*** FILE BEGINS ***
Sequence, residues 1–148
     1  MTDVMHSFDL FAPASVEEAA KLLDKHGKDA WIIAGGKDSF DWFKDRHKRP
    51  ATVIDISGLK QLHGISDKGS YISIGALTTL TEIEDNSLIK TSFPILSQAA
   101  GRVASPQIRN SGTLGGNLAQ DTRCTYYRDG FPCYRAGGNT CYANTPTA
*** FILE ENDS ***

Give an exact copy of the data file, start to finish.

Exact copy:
Sequence, residues 1–148
     1  MTDVMHSFDL FAPASVEEAA KLLDKHGKDA WIIAGGKDSF DWFKDRHKRP
    51  ATVIDISGLK QLHGISDKGS YISIGALTTL TEIEDNSLIK TSFPILSQAA
   101  GRVASPQIRN SGTLGGNLAQ DTRCTYYRDG FPCYRAGGNT CYANTPTA